Encyclopedia of Cancer

Living Edition
| Editors: Manfred Schwab

Constitutive Androstane Receptor

Living reference work entry
DOI: https://doi.org/10.1007/978-3-642-27841-9_7229-1

Synonyms

Definition

The constitutive androstane receptor (CAR), a member of the nuclear receptor subfamily 1 (NR1I3- nuclear receptor subfamily 1, group I, member 3), initially identified as a xenosensor (sensor of xenobiotics), is a functionally pleiotropic, liver-enriched transcription factor with roles in various cellular processes and diseases.

Characteristics

Human CAR, first cloned in 1994 (and called MB67 at that point of time), was originally regarded as an “orphan” nuclear receptor, with no apparent endogenous ligand. It is expressed to the highest extent in the liver and small intestine. Additionally, unlike many nuclear receptors requiring the presence of a ligand to activate and cause its translocation from the cytoplasm to the nucleus, CAR, in heterodimerization with 9-cis retinoic acid receptor (RXR), transactivates and exhibits “basal” activity even in the absence of ligand. Hence, it initially came to be known as the “constitutively active receptor.” Later,...

Keywords

Ligand Binding Domain Inverse Agonist Constitutive Androstane Receptor Nuclear Receptor Subfamily Brain Tumor Stem Cell 
These keywords were added by machine and not by the authors. This process is experimental and the keywords may be updated as the learning algorithm improves.
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Notes

Glossary

Inverse agonist

An agent capable of binding to the same receptor binding-site as the agonist but causing a pharmacologically opposite effect as that of the agonist in a constitutively active receptor (i.e., a receptor exhibiting a certain level of intrinsic basal activity). In other words they cause a reduction of the basal expression. Depending on the affinity of the ligand to the receptor, inverse antagonism could be complete or partial.

Pregnane X receptor (PXR)

A member of the nuclear receptor subfamily 1, group I (NR1I2), along with the constitutive androstane receptor (CAR) and vitamin D receptor (VDR). PXR, similar to CAR, has also been predominantly found to be expressed in the liver. It primarily serves as a xenobiotic and steroid hormone sensor. Human PXR was initially reported as a steroid and xenobiotic receptor and hence also called SXR. Along with CAR, PXR shares several similarities in its mechanism of action, along with overlapping roles in many of the physiological and disease processes, including inflammation and cancer.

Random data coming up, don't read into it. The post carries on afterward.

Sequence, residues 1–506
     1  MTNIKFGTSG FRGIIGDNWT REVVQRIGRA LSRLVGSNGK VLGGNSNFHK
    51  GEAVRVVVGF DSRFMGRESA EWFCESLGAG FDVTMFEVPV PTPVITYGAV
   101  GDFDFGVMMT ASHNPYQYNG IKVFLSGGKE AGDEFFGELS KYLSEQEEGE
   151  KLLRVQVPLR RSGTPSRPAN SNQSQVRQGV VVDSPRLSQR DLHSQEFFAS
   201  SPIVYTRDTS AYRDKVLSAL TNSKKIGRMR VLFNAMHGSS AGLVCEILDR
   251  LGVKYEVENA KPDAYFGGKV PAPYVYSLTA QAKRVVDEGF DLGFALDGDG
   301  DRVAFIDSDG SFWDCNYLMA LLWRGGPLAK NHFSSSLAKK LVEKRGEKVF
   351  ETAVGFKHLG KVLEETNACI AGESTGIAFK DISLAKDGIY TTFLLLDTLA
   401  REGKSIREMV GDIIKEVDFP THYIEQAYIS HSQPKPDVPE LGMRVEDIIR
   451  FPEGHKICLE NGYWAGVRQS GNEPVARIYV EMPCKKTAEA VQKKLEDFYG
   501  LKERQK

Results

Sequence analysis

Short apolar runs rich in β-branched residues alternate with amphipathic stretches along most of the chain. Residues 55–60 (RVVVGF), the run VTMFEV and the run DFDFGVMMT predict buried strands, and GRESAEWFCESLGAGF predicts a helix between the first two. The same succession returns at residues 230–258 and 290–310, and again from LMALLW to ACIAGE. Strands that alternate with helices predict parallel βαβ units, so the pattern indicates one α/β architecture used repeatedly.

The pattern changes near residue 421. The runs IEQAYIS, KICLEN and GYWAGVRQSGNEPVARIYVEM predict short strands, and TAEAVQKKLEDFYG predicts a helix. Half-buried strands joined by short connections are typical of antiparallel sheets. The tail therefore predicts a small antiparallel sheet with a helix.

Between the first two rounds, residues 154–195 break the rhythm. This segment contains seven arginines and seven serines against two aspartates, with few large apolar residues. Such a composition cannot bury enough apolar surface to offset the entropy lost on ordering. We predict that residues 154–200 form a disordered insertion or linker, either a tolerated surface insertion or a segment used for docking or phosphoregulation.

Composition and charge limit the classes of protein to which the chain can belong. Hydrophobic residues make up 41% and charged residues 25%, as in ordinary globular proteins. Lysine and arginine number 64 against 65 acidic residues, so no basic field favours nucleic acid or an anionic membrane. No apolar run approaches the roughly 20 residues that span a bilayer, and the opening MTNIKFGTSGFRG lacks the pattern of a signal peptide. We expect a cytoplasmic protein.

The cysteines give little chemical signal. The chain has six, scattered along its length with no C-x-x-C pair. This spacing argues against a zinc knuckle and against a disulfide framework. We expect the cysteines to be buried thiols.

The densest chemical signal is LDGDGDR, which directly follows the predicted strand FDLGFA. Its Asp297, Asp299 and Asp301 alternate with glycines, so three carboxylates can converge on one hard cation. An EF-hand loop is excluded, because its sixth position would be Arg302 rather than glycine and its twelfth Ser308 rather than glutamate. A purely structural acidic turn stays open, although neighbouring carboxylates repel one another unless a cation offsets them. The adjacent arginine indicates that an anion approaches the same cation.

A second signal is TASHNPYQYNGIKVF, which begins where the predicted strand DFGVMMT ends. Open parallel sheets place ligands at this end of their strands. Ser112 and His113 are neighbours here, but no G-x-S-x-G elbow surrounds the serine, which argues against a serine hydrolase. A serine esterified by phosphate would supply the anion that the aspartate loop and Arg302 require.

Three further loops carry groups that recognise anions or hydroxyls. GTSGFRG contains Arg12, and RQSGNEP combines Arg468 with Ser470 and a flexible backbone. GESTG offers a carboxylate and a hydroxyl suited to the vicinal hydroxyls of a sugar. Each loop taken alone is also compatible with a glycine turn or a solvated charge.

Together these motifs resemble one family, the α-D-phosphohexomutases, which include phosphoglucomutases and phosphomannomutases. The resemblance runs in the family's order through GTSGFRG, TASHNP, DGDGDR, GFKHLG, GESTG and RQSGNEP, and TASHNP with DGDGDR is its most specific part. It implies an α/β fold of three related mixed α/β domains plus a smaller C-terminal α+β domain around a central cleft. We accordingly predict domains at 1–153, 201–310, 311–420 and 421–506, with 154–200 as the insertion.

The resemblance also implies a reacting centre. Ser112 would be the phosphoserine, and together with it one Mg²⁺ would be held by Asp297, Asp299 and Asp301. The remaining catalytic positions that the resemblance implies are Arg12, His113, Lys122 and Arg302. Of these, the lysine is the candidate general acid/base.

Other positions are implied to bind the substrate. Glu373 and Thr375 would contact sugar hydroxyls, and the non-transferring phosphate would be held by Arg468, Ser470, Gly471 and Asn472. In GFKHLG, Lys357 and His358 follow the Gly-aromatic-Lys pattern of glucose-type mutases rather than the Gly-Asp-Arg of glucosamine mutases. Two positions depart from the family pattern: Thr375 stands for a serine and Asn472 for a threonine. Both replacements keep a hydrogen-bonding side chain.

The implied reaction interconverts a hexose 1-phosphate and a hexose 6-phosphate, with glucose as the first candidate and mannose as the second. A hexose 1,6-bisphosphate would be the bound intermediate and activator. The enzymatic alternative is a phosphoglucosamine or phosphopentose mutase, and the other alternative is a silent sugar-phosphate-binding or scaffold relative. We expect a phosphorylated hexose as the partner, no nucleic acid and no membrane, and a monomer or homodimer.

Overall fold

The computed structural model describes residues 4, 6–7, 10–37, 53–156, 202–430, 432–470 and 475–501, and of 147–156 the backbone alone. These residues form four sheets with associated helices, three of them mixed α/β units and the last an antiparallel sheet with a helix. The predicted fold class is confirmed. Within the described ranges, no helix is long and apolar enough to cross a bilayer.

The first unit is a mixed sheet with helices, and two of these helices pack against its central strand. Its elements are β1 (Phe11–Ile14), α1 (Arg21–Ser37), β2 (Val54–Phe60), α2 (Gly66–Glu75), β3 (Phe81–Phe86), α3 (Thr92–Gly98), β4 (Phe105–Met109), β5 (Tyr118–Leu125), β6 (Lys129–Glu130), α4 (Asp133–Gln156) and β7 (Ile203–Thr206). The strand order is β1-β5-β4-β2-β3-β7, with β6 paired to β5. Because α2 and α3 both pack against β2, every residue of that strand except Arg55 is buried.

Nuclear receptor structure

Nuclear receptors are modular in structure with five-six domains, N to C terminus. These include an N-terminal A/B regulatory region with transcriptional activation function (AF-1) domain, a C region with a DNA-binding domain (DBD), a hinge D region and an E region with a ligand-binding domain (LBD) containing an activation function (AF-2) at its end.

References

  1. Cherian MT, Chai SC, Chen T (2015) Small-molecule modulators of the constitutive androstane receptor. Expert Opin Drug Metab Toxicol 11(7):1099–1114CrossRefPubMedPubMedCentralGoogle Scholar
  2. Molnar F, Küblbeck J, Jyrkkärinne J, Prantner V, Honkakoski P (2013) An update on the constitutive androstane receptor (CAR). Drug Metabol Drug Interact 28(2):79–93CrossRefPubMedGoogle Scholar
  3. Omiecinski CJ, Vanden Heuvel JP, Perdew GH, Peters JM (2011) Xenobiotic metabolism, disposition, and regulation by receptors: from biochemical phenomenon to predictors of major toxcicities. Toxicol Sci 120(S1):S49–S75CrossRefPubMedGoogle Scholar

See Also

  1. (2012) Nuclear receptor. In: Schwab M (ed) Encyclopedia of cancer, 3rd edn. Springer, Berlin/Heidelberg, p 2571. doi:10.1007/978-3-642-16483-5_4157Google Scholar

Copyright information

© Springer-Verlag Berlin Heidelberg 2015

Authors and Affiliations

  1. 1.Division of MicrobiologyTulane UniversityCovingtonUSA